On the sides, you will find images of elephants, and high stairs to the top. These stairs are closed to visitors. We walk around it and see statues of Buddha in the niches at the top. The architecture remains great of these buildings. So simple, yet so complex.
💻📄 Check out our Free Travel Resources
They will help you plan your upcoming trip with less stress and more fun!
6. Wat Chiang Man
Wat Chiang Man is the first temple that was built in Chiang Mai and therefore the oldest temple. The temple is famous for its Lanna-style chedi supported by rows of elephant-shaped buttresses. In the main hall, you will find a green emerald image of Buddha.
The garden around the complex is a great spot to escape the heat of the sun and sit down in the shade. There are a lot of smaller temples on the grounds of Wat Chiang Man, each with its own function. Wander around and explore all of them. Just remember to take your shoes off before entering.
7. Wat Phrathat Doi Suthep
This temple is situated right outside Chiang Mai. It’s a popular place to visit and if you don’t get there in time, you might not want to go inside. We rented a scooter to drive up to the temple and this was the best part of our day.
Once we got to the temple it was just too busy to enjoy anything. There are a lot of small shops and restaurants before you get to the temple. But if you go early and avoid the crowds it’s worth going to this temple.
Because it’s situated on a hill you have an amazing view over Chiang Mai. The temple itself is beautifully decorated, just keep in mind that you have to walk a lot of stairs.
8. Sunday Walking Street Markets
It’s a good thing that this market is only hosted on Sundays. Otherwise, we would have gained a few pounds. Around 4 pm the streets are closed down and the vendors set up their stalls. You will find a lot of food options and all sorts of souvenirs.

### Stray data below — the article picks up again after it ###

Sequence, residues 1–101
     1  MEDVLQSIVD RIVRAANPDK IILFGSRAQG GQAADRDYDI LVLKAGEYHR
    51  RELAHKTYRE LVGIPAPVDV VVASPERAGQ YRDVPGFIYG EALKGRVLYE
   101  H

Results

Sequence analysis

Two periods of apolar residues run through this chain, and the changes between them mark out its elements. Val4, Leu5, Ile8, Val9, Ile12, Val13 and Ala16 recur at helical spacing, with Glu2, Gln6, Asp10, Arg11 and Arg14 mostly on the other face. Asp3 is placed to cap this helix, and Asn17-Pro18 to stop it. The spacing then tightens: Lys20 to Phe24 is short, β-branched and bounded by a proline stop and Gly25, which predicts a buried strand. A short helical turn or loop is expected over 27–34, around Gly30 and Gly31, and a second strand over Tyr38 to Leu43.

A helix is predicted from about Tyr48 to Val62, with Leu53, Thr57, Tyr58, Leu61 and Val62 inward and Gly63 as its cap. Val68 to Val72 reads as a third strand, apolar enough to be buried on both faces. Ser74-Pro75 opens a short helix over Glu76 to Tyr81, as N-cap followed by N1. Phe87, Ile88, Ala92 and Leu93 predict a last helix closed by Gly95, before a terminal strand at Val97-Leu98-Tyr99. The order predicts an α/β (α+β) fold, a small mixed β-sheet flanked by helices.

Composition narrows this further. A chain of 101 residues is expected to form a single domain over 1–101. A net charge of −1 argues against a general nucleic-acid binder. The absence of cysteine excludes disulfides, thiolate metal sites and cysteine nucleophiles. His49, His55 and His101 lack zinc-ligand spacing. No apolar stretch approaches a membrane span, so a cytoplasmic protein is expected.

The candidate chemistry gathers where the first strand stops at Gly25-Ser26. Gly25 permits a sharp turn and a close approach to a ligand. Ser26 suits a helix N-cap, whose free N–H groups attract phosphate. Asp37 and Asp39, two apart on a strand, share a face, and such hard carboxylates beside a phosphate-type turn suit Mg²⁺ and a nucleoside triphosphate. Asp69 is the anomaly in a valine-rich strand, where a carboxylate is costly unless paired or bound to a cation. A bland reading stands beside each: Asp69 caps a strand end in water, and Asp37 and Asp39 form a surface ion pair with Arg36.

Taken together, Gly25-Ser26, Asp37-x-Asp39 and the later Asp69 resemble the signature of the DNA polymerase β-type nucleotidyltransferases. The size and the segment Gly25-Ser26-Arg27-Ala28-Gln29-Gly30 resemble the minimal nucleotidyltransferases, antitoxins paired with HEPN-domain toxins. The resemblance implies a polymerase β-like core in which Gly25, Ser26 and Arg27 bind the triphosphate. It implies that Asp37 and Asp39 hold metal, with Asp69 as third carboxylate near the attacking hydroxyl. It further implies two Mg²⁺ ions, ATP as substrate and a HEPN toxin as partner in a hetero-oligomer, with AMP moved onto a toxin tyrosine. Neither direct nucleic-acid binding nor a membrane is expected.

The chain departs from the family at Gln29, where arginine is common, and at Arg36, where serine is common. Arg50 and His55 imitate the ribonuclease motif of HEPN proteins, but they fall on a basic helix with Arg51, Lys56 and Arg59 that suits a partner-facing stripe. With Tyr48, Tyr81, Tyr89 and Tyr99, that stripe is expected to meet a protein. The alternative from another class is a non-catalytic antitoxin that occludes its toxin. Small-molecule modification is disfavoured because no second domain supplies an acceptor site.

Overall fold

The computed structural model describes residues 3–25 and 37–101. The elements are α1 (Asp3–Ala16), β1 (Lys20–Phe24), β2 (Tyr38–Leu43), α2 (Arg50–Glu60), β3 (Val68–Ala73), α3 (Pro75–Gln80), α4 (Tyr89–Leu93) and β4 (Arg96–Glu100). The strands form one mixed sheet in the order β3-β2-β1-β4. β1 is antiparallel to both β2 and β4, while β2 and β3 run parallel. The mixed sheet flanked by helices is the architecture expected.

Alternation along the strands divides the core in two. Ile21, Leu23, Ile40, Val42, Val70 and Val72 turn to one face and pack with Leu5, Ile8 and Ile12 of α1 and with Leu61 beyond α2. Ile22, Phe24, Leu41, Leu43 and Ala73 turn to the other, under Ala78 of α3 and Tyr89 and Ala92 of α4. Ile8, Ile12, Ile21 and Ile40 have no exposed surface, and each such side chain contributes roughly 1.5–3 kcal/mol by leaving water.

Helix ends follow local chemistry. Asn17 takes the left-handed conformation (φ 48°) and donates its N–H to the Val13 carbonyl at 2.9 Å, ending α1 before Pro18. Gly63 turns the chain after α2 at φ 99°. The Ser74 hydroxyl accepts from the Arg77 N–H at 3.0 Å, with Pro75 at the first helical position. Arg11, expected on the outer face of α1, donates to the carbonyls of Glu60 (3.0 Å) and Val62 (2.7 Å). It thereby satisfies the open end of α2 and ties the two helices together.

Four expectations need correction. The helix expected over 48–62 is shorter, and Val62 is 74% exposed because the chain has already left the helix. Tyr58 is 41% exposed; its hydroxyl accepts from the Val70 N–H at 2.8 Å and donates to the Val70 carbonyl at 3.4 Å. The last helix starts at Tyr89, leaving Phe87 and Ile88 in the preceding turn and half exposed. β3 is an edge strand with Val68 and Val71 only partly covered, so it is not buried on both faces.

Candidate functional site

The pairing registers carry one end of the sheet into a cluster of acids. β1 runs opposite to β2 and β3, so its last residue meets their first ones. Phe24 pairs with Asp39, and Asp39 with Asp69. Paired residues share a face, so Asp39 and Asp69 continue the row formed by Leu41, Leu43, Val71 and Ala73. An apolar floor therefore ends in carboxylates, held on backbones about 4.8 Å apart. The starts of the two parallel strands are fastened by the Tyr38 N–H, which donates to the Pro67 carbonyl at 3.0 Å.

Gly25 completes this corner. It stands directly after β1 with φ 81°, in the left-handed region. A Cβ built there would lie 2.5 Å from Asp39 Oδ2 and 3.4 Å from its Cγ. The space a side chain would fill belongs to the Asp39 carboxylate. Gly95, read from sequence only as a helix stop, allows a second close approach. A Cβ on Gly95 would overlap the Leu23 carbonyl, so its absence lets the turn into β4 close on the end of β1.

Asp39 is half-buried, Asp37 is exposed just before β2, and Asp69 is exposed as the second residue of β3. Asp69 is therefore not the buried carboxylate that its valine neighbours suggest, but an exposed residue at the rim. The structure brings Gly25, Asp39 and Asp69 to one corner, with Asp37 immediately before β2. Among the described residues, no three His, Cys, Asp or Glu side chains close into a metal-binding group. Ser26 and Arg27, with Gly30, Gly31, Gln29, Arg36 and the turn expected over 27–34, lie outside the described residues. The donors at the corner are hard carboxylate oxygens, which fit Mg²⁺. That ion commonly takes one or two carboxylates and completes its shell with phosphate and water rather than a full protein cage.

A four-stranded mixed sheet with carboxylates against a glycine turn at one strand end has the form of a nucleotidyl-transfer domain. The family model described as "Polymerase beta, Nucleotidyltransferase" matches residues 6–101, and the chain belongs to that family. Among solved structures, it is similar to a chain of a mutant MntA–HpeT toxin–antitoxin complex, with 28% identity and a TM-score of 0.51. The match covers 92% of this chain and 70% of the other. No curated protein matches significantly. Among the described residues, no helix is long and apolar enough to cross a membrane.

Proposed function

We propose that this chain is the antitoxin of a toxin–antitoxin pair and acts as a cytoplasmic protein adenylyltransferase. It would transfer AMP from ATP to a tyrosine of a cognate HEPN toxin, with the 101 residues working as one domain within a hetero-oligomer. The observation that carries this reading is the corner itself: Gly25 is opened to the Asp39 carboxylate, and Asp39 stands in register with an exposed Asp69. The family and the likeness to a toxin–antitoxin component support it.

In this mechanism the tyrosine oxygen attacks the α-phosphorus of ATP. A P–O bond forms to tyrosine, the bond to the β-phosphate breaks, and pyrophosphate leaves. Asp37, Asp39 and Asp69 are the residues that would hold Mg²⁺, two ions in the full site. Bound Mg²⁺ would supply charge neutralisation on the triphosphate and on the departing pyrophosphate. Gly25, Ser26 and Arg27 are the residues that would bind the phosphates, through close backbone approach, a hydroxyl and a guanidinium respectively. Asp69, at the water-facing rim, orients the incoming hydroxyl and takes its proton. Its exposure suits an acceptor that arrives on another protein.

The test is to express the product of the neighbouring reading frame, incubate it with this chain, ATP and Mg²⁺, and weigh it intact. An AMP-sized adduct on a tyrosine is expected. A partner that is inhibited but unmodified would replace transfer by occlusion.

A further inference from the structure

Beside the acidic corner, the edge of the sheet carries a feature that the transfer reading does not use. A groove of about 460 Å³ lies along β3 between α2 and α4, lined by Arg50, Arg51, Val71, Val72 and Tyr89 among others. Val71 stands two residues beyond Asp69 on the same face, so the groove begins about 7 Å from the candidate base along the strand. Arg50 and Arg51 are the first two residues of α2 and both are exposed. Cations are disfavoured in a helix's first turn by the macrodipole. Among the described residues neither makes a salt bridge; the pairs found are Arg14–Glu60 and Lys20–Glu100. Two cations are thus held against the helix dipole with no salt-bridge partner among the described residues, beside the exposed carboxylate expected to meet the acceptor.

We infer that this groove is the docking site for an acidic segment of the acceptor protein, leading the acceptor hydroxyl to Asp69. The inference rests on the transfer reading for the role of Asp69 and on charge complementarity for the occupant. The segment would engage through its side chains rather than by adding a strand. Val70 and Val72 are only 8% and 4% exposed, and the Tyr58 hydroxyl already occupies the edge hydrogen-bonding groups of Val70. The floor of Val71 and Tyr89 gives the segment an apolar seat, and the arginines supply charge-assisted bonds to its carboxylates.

The best plan is to just start walking and keep your eyes open. If you see something you like you better grab it right away because the street market is quite long. We loved the vibe of the street market and it’s a great spot to buy cheap Thai food.
If you want to skip the crowds, go early. This will give you a chance to walk around more freely and take a look at products, food, and everything else they offer. If you see something you like, try to haggle for a better price!
9. Night Bazar
Located in the center of town, the Chiang Mai Night Bazaar is not to be missed. Travelers can take in rows and rows of handicrafts, from purses to sparkling jewelry. It is located at Changklan Road, on the east side of the old city (about 10 minutes walking distance from Tha Pae Gate). It’s open every day from 5 pm to 11 pm.
You need some time to walk through the entire night bazaar because it’s stretched out. You’ll find food, souvenirs, and all kinds of nicknacks. It’s usually a bit easier to walk around if you go during the week. We liked the vibe of the Sunday market more, but it was fun to find some food here and sit down and watch people.
10. Doi Inthanon National Park
On our first day of the Mae Hong Son Loop, we stopped at Doi Inthanon National Park. It’s close to Chiang Mai, so you could do a day trip. If you rent a scooter it will take you about 1.5 hours. The drive is worth the trip by itself.
In Doi Inthanon National Park you’ll find the highest spot in Thailand. Local people are walking around in sweaters or winter jackets and come here to experience cold weather. There are a couple of hiking trails, but some are organized and not open to solo adventurers.
If you drove up with a scooter you can just follow the road and stop at a couple of viewpoints. We had to check out the highest point in Thailand which is worth a visit.
Share your favorite things to do in Chiang Mai
That concludes our 10 things to do in Chiang Mai. There is so much more to do in this city, so please share your favorite things to do in the comments below. Stay at least a day or 5 in this city to get a good feel of what’s happening and don’t rush yourself.
Keep in mind that it can be quite hot in Chiang Mai so plan accordingly. It’s best to start early, stay inside during the hot part of the day, and go back out at night. Bring plenty of water when you’re exploring to stay hydrated. Other than that all you need to do is enjoy yourself and all that Chiang Mai has to offer.
Want to learn how to travel long-term?
Setting up a budget, figuring out where to go and finding ways to stay on the road as long as possible. Sounds like something you would like to do as well? Leave your details and we'll tell you all about it!